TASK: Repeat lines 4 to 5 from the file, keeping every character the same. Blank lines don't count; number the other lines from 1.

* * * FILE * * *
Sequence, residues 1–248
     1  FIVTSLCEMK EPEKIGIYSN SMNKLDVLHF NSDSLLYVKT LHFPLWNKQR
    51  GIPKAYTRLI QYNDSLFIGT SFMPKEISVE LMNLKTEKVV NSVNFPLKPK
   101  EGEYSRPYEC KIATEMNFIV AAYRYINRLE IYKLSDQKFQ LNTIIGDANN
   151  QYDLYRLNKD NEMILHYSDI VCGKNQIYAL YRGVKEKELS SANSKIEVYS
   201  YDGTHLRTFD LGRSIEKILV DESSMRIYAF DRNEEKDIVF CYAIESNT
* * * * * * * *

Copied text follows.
   101  EGEYSRPYEC KIATEMNFIV AAYRYINRLE IYKLSDQKFQ LNTIIGDANN
   151  QYDLYRLNKD NEMILHYSDI VCGKNQIYAL YRGVKEKELS SANSKIEVYS